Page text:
Few topics in seem to generate as much furore as “net neutrality”. Lots of factors are at work here, including fear of creeping government interference and suspicion of big business. The latter isn’t helped when two industry titans, in this case Google and Verizon, have “secret” discussions, leading to a set of proposals of what, and how much should be regulated (in the US at any rate). However it’s interesting that any agreement was even possible between these two, given that Google has been a staunch supporter of neutrality, while Verizon, as a service provider, could be expected to favour tiered services. The compromise is an affirmation of non-discrimination for “broadband Internet access” and a requirement of “transparency” on the one hand, while allowing “reasonable network management” and “additional or differentiated services” on the other. An exclusion for wireless access and the caveat of “lawful” applied to content, applications and services have critics such as the EFF hot under the collar, but on the whole this does seem to be a step forward in the debate.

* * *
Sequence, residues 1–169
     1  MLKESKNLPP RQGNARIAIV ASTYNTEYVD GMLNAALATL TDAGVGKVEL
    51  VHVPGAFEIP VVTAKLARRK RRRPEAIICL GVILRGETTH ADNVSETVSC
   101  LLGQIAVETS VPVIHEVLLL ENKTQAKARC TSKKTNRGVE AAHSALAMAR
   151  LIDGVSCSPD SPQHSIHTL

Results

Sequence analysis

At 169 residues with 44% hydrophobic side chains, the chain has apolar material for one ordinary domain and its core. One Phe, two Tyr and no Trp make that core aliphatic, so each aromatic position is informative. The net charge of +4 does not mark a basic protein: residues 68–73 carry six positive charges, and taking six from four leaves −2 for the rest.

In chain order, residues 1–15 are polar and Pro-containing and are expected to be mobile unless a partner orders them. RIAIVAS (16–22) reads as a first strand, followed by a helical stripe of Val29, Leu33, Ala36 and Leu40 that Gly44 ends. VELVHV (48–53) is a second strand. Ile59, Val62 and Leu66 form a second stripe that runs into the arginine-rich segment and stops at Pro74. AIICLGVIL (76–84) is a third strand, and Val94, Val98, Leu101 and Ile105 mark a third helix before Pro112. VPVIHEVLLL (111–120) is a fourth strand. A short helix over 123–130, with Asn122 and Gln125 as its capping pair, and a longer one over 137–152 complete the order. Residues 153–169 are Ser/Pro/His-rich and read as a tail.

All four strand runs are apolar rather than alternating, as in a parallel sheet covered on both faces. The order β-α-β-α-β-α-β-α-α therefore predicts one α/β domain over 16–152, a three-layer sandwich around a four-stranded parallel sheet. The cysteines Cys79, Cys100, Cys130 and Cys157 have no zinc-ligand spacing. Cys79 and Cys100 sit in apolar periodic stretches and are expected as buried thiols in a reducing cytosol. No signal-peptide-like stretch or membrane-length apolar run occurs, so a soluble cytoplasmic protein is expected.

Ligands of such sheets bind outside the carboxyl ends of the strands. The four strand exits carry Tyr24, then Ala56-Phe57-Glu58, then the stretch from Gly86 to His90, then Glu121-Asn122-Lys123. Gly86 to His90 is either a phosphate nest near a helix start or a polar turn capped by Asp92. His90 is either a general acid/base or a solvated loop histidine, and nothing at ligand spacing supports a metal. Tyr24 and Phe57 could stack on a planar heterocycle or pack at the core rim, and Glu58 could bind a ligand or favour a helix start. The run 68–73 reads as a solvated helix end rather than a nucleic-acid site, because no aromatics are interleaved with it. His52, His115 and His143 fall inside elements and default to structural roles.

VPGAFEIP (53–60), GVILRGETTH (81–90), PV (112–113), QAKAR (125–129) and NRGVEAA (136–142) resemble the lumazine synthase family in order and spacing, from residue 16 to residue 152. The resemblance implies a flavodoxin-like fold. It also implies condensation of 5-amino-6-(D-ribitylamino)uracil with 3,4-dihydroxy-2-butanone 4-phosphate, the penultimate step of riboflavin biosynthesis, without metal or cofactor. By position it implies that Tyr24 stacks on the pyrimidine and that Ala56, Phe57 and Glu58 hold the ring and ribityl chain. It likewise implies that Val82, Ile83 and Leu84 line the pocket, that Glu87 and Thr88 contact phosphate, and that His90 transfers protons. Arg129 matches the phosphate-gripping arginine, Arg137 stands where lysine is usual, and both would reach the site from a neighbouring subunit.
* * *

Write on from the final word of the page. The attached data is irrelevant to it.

What net neutrality diehards don’t seem to want to acknowledge is that packet networks rely on statistical multiplexing in order to be economical. While a service provider may offer, say, a 20Mbit/s connection to all their subscribers, it’s infeasible to actually deliver packets at that speed to all of them simultaneously. The network relies on the fact that users generally don’t exploit their full bandwidth allocation all the time, in order to be able to deliver it to all users some of the time. When applications such as video streaming and peer-to-peer filesharing break this assumption, something has to give. Insisting on a “right” to run such applications regardless is akin to demanding a “right” to drive a car at its maximum speed all the time; in both cases this disregards the rights of other people using the same infrastructure. We’ve come to accept a system of speed limits on the roads and some equivalent mechanisms for networks are inevitable so that they can continue to function in the face of insatiable demand. Net neutralists need to engage in a debate about what limits are fair and how they are to be enforced, and Google should be applauded for doing just this rather than condemned as evil.